Do you feel like you’re juggling 100 balls in the air, wondering if you’ll ever have enough time to do everything?
It’s a fast-paced world we live in, and it seems there are always more things pulling on our time … more stuff to do, and less time to do them in. There are deadlines to meet, projects to complete, unfinished things that need doing. Yet there’s not much satisfaction found in the rush and stress of doing things at the last minute (or missing deadlines).
Has time sped up? No – but it sure can feel like it.
Sometimes we burn the candle at both ends. We try to run our businesses; keep our personal time in check with stuff we love and need to do. There’s often a partner to consider; family and other special people we need and want to take care of.
- How can we do it all and not leave anything out?
- What’s the cost to our wellbeing and to those we love?
- Where do we find a balance … can we do it all without a major meltdown?
3 Small Things That Will Make A Massive Difference:
You may have heard these before – but don’t dismiss them and think “I already know that”. Read them anew. Even just one new insight could make the difference in setting your goals, planning your day, or your life.
1. “Time Management” Is A Misnomer – The challenge is not to manage time but to manage ourselves.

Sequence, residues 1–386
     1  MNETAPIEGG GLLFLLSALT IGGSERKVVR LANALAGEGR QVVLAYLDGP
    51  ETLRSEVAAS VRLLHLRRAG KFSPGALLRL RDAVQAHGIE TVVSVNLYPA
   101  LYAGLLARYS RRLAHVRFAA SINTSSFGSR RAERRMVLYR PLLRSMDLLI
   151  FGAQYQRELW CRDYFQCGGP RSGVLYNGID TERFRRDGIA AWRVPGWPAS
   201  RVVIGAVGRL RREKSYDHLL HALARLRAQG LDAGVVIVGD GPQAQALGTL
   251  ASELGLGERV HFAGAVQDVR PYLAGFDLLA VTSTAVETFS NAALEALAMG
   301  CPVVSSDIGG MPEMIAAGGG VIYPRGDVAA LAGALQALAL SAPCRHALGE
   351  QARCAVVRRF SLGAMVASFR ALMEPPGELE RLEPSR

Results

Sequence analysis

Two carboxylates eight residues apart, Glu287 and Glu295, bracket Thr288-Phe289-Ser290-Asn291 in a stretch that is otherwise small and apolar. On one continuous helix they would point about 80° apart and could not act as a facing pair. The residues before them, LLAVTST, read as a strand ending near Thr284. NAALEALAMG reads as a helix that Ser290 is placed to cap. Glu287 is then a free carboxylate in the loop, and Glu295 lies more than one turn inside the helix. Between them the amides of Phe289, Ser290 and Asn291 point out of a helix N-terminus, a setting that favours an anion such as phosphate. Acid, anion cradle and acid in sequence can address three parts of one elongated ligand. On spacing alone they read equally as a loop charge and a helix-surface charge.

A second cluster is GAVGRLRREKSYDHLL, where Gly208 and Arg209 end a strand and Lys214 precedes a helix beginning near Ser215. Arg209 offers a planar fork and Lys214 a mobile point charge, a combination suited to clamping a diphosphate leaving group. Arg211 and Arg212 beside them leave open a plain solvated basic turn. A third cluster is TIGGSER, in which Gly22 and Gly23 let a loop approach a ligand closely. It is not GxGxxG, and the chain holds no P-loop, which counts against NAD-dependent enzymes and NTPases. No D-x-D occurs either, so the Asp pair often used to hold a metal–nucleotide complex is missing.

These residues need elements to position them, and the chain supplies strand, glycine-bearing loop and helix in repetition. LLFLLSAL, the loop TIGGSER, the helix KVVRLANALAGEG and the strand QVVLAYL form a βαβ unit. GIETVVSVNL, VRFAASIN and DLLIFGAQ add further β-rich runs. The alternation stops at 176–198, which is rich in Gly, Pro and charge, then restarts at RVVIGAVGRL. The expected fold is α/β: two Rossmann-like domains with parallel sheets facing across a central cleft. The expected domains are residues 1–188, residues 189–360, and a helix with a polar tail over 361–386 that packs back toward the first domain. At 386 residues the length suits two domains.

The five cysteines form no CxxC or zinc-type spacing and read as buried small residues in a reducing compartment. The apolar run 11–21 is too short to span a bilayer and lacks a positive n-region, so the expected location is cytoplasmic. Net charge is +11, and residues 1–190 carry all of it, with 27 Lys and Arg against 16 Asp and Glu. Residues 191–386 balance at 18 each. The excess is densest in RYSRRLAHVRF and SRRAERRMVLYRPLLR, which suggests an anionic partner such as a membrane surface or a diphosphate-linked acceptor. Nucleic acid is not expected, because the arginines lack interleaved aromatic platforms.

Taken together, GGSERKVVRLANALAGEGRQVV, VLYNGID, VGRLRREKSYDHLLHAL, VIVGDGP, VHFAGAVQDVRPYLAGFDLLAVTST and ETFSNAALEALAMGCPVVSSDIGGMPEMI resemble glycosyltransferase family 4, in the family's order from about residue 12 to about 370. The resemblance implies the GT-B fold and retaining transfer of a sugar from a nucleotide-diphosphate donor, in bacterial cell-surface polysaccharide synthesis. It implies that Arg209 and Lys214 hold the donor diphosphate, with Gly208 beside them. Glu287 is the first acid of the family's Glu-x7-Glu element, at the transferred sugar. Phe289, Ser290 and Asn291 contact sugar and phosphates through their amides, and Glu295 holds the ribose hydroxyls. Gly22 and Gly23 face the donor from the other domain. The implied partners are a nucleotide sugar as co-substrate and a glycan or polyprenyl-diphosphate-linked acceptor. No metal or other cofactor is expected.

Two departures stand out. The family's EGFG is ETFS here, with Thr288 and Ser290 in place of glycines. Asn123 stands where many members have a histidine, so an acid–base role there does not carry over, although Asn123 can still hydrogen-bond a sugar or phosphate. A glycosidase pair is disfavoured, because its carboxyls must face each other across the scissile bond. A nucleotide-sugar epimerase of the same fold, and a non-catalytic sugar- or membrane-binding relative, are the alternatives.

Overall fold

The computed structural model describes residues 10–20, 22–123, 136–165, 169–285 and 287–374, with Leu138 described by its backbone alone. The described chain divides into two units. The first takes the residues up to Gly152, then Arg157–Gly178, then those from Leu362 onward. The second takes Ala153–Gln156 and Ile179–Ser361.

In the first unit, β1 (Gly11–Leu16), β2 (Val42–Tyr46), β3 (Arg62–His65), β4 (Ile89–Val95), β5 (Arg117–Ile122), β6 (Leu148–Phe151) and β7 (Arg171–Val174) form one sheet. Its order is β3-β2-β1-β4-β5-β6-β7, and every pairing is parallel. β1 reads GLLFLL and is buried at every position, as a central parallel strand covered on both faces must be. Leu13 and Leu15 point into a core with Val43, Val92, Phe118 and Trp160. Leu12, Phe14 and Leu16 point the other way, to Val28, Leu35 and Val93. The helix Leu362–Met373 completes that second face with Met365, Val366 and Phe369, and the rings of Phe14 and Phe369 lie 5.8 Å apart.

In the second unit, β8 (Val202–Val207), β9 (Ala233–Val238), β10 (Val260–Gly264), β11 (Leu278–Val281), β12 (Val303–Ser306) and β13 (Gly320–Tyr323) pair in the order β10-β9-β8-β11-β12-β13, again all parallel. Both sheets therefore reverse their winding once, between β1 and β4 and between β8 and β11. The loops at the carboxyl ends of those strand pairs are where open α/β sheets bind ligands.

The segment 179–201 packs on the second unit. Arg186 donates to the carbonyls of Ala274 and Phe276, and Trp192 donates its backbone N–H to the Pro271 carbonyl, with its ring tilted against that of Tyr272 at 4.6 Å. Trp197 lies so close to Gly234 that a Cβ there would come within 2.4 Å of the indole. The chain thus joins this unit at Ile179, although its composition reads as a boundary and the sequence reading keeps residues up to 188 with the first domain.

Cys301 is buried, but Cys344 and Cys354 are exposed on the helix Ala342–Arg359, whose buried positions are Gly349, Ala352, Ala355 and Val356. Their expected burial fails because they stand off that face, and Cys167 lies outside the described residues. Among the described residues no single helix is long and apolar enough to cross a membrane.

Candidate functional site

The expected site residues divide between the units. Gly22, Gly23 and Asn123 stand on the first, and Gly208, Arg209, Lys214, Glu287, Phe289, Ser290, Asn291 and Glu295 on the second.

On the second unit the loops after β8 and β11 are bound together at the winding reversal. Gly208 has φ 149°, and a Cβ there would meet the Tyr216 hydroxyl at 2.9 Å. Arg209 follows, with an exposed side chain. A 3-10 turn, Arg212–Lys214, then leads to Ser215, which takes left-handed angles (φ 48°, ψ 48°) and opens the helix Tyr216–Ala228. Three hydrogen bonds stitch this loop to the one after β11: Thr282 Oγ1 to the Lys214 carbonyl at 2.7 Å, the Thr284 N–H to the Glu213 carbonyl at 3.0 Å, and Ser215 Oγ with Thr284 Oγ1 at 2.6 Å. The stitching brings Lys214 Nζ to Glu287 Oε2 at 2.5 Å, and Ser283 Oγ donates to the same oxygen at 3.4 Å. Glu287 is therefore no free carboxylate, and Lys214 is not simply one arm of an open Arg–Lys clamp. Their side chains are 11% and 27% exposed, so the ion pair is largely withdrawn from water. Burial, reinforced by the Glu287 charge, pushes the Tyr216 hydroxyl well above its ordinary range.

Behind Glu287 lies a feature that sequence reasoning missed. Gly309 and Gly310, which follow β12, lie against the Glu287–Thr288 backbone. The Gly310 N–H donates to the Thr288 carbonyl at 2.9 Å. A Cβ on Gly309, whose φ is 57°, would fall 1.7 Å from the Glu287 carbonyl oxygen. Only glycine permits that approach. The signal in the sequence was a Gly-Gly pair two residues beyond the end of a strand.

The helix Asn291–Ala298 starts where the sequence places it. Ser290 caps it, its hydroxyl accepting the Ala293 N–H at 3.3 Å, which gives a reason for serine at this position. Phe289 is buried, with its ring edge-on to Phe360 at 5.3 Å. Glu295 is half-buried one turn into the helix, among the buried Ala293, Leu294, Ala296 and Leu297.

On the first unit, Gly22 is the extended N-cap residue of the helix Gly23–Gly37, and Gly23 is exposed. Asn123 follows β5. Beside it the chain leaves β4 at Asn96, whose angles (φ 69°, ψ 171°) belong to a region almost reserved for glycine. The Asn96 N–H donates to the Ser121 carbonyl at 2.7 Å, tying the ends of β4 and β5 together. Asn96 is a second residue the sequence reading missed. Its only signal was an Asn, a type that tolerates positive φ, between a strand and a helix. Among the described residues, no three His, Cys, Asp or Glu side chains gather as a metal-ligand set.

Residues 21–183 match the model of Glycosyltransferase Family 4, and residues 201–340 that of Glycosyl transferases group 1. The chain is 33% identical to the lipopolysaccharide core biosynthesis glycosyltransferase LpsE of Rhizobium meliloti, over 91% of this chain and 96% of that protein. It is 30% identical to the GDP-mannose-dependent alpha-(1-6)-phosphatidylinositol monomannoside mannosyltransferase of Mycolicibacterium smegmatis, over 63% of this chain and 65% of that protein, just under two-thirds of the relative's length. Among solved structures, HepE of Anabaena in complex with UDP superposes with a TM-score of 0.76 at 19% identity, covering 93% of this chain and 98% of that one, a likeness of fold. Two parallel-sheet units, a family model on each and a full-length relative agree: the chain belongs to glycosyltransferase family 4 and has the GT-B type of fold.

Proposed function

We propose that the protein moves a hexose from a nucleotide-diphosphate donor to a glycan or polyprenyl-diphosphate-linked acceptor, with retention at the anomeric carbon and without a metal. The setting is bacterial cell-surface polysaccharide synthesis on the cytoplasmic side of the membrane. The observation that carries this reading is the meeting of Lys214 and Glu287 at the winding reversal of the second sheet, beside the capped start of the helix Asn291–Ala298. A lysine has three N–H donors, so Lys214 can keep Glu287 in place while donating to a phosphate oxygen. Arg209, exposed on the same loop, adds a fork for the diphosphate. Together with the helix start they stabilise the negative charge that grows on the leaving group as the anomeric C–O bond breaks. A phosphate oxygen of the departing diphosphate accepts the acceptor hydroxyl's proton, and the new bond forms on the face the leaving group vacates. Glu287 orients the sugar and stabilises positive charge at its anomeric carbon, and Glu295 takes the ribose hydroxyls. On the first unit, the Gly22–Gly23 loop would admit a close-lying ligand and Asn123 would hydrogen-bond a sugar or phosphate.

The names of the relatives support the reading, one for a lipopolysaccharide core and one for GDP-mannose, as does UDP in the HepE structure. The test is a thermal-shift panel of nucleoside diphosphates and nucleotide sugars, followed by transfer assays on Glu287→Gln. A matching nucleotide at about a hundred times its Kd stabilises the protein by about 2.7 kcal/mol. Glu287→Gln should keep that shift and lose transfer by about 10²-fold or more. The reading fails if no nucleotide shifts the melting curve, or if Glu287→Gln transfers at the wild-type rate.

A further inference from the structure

The Time Management Matrix (below) identifies 4 ways we spend our time. The two factors that define an activity are Urgent and Important.
Urgent means it requires immediate attention. It’s NOW! Urgent things act on us. Urgent matters are usually visible. They press on us; they insist on action.
Important on the other hand has to do with results. If something is important it contributes towards your Life Vision, your values, your high priority goals.
“Manage & Produce”Crises.
“Quality”Prevention, production capabilities activities.
Recognising new opportunities.
|Not Important||3. Activities
“Deception”Interruptions, some calls.
Some mail, some reports.
Proximate, pressing matters.
“Waste”Trivia, busy work.
Some phone calls.
(from Stephen Covey – 7 Habits of highly successful people)
2. Use The ROT/EI Method
What’s going to give you the greatest Return On Time and Energy Invested (ROT/EI)? Use this method to prioritise your to-do lists: (This is NOT based on what needs to get done).
- A is highest priority – these items usually cannot be delegated, might be uncomfortable to do, and stick out like a sore thumb.
- B is in between.
- C is lowest – these usually could be delegated. They are the day-to-day routine type items, the “if they don’t get done the world won’t stop” kind of things.